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article imageWarning issued to web users of bogus coronavirus emails Special

By Tim Sandle     Mar 20, 2020 in Technology
The U.S. National Cyber Security Centre has warned web users of bogus emails claiming to contain important information about the pandemic. Matt Shelton and Jens Monrad of FireEye provide commentary.
Unfortunately during times of crisis businesses are open to new vulnerabilities. This is the case with the SARS-CoV-2 coronavirus pandemic, where there has reportedly been an increase in scams jumping on the coronavirus information bandwagon.
Matt Shelton, Director, Technology Risk and Threat Intelligence, FireEye tells Digital Journal how businesses can better strengthen their environments from coronavirus-themed cyberattacks. According to Shelton: "There are several things that organizations can do to better protect their corporate environment from threats as they adapt to a remote and distributed workforce. The following recommendations focus on the protection of both employee identities and as well as applications."
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He also outlines some of the protective measures that can be taken: "Accessing corporate resources remotely creates an opportunity for attackers to blend in with the workforce. Implementing multi factor authentication (MFA) on all external corporate resources significantly reduces this risk."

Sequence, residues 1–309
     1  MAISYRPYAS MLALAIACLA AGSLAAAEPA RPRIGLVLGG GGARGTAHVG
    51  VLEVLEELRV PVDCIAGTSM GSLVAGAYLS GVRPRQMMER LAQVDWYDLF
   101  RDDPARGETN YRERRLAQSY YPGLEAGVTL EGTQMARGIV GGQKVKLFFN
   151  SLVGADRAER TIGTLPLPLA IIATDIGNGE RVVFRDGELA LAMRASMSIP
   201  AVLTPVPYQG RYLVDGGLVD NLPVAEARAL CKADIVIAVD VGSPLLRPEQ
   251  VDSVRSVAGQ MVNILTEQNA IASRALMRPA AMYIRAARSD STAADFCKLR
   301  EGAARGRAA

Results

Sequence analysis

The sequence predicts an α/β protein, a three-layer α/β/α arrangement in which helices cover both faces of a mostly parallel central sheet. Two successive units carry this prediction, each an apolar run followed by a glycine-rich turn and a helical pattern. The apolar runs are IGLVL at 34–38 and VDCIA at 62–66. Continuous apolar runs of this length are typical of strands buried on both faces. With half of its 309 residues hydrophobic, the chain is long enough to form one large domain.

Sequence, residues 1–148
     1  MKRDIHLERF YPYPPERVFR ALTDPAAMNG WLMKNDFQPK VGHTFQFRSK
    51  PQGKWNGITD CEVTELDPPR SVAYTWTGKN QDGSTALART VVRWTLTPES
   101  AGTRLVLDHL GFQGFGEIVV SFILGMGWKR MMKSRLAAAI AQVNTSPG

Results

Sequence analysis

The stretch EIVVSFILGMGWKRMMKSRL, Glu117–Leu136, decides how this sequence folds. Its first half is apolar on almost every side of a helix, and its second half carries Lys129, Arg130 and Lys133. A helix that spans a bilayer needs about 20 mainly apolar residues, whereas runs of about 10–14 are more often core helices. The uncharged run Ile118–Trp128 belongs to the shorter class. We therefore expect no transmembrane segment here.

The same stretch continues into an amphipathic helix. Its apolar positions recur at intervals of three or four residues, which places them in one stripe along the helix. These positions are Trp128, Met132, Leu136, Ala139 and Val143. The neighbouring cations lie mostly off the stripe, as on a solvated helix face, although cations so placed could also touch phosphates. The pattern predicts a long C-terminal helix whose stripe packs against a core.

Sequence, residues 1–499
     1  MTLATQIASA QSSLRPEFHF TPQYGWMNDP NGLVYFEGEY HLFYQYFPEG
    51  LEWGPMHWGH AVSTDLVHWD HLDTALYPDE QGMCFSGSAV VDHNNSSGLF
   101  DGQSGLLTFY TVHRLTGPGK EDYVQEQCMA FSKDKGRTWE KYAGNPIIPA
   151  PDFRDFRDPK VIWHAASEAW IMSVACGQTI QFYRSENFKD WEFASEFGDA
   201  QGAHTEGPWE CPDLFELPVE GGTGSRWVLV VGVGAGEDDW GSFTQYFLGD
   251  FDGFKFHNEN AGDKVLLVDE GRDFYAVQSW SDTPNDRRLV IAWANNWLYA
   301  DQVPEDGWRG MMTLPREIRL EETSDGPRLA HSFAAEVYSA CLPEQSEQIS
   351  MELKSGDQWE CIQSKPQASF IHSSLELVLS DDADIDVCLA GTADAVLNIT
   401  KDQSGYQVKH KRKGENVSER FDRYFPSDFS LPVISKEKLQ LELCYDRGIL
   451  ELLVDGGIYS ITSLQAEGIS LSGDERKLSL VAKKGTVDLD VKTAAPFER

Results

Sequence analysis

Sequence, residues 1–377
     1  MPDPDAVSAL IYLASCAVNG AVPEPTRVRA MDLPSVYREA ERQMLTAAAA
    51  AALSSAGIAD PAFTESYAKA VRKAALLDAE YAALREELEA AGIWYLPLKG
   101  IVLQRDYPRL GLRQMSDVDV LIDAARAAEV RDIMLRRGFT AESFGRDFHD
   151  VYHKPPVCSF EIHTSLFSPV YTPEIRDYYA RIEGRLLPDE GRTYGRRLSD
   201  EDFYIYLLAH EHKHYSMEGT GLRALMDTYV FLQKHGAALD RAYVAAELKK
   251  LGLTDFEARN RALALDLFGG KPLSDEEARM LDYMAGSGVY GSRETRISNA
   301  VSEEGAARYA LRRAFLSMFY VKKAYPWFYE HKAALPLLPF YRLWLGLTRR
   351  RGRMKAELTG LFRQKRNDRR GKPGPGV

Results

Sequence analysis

One of the consequences of the coronavirus situation is a rise in remote working. This mode of operation also brings with it risks, as Shelton reports: "Many organizations lose visibility into malicious activity targeting remote workers. Organizations should deploy a multi-layer endpoint agent on all employee endpoints. The endpoint agent should be able to detect, protect, and respond to malicious activity."
In terms of other preventative measures, Shelton recommends: "Companies should be sure to deploy encryption on employee endpoints so that sensitive data is protected in transit and at rest."
In addition, Shelton states: "Cloud services are an important resource for remote workers and can contain sensitive corporate data. Ensure that you are receiving logs from your cloud providers and regularly reviewing them for unauthorized access and data exfiltration."
Also pitching in, Jens Monrad, Head of Mandiant Threat Intelligence, EMEA, FireEye comments: "Since January, we have noticed both cybercriminals and what we believe are state-sponsored espionage campaigns using COVID-19 / coronavirus themed lures in phishing emails."
Expanding on the risks, Monrad elaborates: "By lures we mean email attachments and links that look like they are genuine, but are in fact malicious. This activity has increased since January as more nations are dealing with infections. Some of the malware campaigns we have observed are responsible for a large volume of spam and phishing emails as well as being used to deliver ransomware."
Monrad's advice to businesses runs: "We encourage users to remain vigilant about socially engineered campaigns and disinformation related to the coronavirus. People should use government trusted sources for any information related to the current situation and, in the cases where they receive coronavirus related emails and were not expecting them, they should carefully examine why they are receiving them and consider not engaging with the emails."
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